Details of the smelting cycle are available in the standard chart form.
One effect that came to be relied on is seen above. As each individual
charge was fully ignited inside the furnace, the stainless steel stack
pipe would start to glow a dull orange to red along its whole length.
(This image above is hand held at about a half second exposure.)
|The next morning, individuals arrived back up to the work site at random
times - largely based on how much sleep they had gotten the night before.
Jake and Lee were first on the scene, but it was about 10:45 AM before serious
work on opening up the furnace started.
This is an 'down the kilt' shot, taken from inside the loading gate, down the shaft into the hot base of the furnace. You can see a mound of charcoal towards the centre still remaining. The hot spots to the left and right corners mark the location of the east and north sets of tuyeres (respectively).
|The first slag block to be pulled free was the one to the larger north facing arch. The block is seen here rotated 90 degrees CCW from its initial position. The bases of the clay tuyeres are seen embedded into the slag, and broken off at the point they would have been surrounded by the initial loose clay packing to seal the arch. The glow seen in the interior of the left most tuyere reminds you that this block is still orange hot in the centre!|
|This is a view down inside the furnace from that same north side arch. The larger masses seen on top of the charcoal are actually pieces of the interior wall of the furnace, which fell down on top of the remaining charcoal and slag blocks. This primarily due to the whacking and prodding required to pull the slag block free. You can see that the base of the furnace has slumped down, the slag blocks burning down into the supporting sticks to about even with the ground level.|
|Here, Jake is working on prying up one of the slag blocks from the west arch. Some better indication of the heat can be seen. In fact, in the couple of minutes required for this operation, the wooden block used as a support here would catch on fire due to radiant heat. (Although it was a good 18 inches back from the furnace.)|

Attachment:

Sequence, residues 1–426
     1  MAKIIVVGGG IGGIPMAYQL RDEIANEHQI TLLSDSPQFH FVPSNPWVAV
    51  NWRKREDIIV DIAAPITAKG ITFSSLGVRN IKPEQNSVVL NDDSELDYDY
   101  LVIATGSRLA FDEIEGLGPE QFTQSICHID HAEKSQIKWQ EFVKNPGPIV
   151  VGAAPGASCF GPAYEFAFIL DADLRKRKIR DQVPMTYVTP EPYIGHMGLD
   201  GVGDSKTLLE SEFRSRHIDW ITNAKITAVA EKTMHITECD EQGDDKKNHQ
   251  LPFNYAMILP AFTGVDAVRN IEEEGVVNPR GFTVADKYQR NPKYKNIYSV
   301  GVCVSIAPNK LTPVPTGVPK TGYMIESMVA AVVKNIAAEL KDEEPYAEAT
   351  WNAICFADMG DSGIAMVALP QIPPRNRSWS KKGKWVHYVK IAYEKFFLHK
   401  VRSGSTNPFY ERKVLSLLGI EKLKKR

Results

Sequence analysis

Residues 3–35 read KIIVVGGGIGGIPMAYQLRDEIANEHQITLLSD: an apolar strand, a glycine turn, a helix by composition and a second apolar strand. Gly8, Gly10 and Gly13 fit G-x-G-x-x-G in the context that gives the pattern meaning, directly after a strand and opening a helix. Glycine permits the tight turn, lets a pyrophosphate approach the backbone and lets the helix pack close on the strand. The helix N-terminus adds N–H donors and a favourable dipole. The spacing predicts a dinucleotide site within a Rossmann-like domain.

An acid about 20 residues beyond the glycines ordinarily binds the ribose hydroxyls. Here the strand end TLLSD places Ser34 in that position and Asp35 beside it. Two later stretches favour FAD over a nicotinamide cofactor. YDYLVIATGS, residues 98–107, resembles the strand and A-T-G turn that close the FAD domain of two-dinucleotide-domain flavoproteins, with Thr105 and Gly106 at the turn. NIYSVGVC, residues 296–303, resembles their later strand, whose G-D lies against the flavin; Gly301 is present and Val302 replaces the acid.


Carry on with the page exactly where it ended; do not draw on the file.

Here you see that with Jake on tongs and Lee assisting with a bloom hook, this second slag mass is extracted. Again the bases of the broken off tuyeres can be seen in the lower edge of the block.
Although there was some expectations of a large bloom mass (for Jake
at least) no large bloom was found. A number of smaller, roughly tennis
ball sized, fragments were broken out from within the various slag blocks.
(Image by Jesus Herandez)
|It was generally felt that the ore charging method used was not optimal.
(Individual charges were added as 5 lb 'slugs' of material, rather than
being scattered evenly through the added charcoal.) It was clearly evident
that the best level to maintain inside the furnace was 'just bellow the
bell'. Each time the fill was allowed to rise into the shaft itself, the
ore charges effectively blocked the flow of air up from tuyeres to chimney.
This in turn reduced ignition, and so seriously dropped internal temperatures.
The addition of more tuyeres in each arch might have improved possible air flow. For most of the smelting cycle, the furnace was operated with all the tuyeres available open. More tuyeres might have allowed for better control of air thus temperature. The construction of such a massive furnace certainly suggests a different use pattern than what most of the participating team normally undertakes. With smaller, less resource intensive smelts, the furnaces are considered limited use, almost disposable.
A large amount of raw materials were expended - with little positive result. This certainly suggests a very steep learning curve, each step extremely labour and materials intensive.